When asked, how does the County know the insurance company is going to pay this amount, Wert explained, “That’s how much the County is insured for, for this type of litigation. The County has various insurance policies. Some of these policies are through the California State Association of Counties. The County has insurance to cover the County in the event it is sued for various purposes. Wert went on to say, “In this particular instance we have insurance that will cover $25 million of the $25.5 million.

Would the policy premium be effected in the future? Wert said, “Probably not because these policies are so huge and there are so many counties that contribute to them that really San Bernardino Counties payout is not all that much in the grand scheme of these policies.”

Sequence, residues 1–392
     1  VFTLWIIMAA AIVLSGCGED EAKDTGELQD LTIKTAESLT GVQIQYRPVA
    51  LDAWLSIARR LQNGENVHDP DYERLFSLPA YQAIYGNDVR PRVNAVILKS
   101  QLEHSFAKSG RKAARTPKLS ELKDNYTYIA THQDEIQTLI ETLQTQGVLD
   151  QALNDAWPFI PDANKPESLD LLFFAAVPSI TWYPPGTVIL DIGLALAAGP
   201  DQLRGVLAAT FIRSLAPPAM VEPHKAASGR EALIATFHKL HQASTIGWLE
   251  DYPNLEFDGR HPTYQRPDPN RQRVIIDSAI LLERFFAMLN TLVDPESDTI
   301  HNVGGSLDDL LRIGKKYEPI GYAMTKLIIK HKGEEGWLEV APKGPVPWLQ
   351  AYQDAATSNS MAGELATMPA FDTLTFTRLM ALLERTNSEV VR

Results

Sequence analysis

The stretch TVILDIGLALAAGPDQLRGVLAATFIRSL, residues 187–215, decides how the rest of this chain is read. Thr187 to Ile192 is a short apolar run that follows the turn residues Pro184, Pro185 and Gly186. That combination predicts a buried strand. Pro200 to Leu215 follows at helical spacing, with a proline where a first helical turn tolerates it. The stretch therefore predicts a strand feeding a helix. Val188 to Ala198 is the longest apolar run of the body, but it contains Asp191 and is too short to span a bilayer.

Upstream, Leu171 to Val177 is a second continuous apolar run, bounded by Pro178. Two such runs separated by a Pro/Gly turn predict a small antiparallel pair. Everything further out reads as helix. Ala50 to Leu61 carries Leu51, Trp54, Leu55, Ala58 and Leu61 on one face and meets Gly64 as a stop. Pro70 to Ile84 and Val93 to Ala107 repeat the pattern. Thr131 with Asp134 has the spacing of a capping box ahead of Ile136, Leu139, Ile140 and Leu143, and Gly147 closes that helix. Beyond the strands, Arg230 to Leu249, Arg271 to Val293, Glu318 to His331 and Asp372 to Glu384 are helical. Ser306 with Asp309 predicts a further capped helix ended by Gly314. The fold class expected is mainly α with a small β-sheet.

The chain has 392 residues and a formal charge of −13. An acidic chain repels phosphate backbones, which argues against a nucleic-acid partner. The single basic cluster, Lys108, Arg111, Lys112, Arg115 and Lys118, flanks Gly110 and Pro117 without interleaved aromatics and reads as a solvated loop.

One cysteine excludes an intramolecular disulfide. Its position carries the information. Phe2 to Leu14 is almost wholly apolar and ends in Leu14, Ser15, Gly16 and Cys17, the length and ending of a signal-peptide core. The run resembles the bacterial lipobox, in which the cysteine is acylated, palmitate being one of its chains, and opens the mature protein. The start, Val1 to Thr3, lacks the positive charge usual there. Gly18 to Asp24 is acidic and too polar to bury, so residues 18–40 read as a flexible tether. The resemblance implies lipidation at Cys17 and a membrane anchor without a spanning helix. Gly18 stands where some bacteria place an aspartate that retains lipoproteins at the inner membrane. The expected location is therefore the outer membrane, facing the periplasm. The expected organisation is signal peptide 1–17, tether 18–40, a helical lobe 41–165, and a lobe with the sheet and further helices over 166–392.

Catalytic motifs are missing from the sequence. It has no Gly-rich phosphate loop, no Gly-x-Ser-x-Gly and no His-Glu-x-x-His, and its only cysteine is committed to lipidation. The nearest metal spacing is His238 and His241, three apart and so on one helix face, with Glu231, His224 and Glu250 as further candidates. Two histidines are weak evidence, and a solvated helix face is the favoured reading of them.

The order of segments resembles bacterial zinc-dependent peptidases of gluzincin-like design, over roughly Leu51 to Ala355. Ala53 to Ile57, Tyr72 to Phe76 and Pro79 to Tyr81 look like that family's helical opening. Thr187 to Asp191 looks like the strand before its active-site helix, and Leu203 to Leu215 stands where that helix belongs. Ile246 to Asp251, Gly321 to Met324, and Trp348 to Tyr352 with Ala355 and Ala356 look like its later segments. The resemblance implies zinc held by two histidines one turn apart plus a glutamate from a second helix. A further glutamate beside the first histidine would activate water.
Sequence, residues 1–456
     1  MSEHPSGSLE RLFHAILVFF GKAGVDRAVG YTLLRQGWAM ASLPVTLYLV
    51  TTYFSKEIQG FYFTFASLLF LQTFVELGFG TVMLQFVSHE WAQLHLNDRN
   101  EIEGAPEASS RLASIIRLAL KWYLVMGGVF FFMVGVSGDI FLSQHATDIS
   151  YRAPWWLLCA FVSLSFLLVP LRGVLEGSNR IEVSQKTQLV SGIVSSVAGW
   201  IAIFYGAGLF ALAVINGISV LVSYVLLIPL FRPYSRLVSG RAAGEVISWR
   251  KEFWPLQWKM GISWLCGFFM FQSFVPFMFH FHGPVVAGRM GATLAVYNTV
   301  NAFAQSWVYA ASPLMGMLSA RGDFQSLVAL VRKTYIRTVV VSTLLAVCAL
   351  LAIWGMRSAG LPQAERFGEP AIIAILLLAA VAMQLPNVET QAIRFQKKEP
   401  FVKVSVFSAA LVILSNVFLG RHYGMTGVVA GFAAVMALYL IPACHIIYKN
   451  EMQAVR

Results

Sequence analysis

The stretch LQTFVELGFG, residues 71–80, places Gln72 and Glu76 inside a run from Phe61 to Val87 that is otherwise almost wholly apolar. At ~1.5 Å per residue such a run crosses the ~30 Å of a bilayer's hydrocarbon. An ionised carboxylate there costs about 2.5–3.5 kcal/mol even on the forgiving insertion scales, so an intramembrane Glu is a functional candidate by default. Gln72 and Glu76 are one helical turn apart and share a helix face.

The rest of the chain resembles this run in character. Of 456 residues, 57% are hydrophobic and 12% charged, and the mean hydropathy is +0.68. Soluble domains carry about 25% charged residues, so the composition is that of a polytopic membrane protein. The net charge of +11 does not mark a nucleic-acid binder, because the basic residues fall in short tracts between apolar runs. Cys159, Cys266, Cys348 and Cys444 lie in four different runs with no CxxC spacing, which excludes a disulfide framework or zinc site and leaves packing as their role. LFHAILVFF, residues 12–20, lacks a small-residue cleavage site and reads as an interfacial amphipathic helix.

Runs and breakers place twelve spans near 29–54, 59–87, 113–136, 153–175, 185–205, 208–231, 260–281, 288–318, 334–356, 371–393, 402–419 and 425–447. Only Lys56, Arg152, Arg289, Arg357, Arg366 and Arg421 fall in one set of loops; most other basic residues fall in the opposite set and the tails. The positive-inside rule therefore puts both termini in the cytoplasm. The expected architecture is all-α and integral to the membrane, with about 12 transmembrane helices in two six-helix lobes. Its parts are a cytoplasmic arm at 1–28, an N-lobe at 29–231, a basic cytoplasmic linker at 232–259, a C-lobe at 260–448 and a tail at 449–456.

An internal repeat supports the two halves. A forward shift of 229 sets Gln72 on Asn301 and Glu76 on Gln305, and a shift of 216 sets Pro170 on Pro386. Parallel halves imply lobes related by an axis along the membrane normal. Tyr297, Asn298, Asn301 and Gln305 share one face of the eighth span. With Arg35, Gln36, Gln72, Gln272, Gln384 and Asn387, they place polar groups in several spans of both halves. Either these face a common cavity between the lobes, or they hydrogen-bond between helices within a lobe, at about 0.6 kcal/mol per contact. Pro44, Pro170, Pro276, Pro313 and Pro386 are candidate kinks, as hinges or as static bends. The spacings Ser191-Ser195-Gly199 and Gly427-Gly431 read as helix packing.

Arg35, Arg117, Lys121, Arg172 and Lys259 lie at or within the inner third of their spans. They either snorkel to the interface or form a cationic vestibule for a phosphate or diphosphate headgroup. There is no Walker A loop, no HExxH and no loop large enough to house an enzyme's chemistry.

How much would you say it cost the County to fight this? Good question – I can get that answer for you.

Has Judge Larson signed off on this suit? “I believe all the judges have signed off and it is final although I have not gotten word that it is and I can certainly check on that,” Wert stated.

Has San Bernardino County released any press releases on this issue? The County did not release any press releases on this matter.


I believe that all citizens should be treated fairly and with dignity. We must never become so hardened that we ‘assume’ anyone is guilty until they have their day in court…and we should not take the dignity away from human beings…Our jails must maintain a balance between the sheriff’s need to maintain institutional security and the personal dignity of the people who are in the system.

Source: The Barb Stanton Show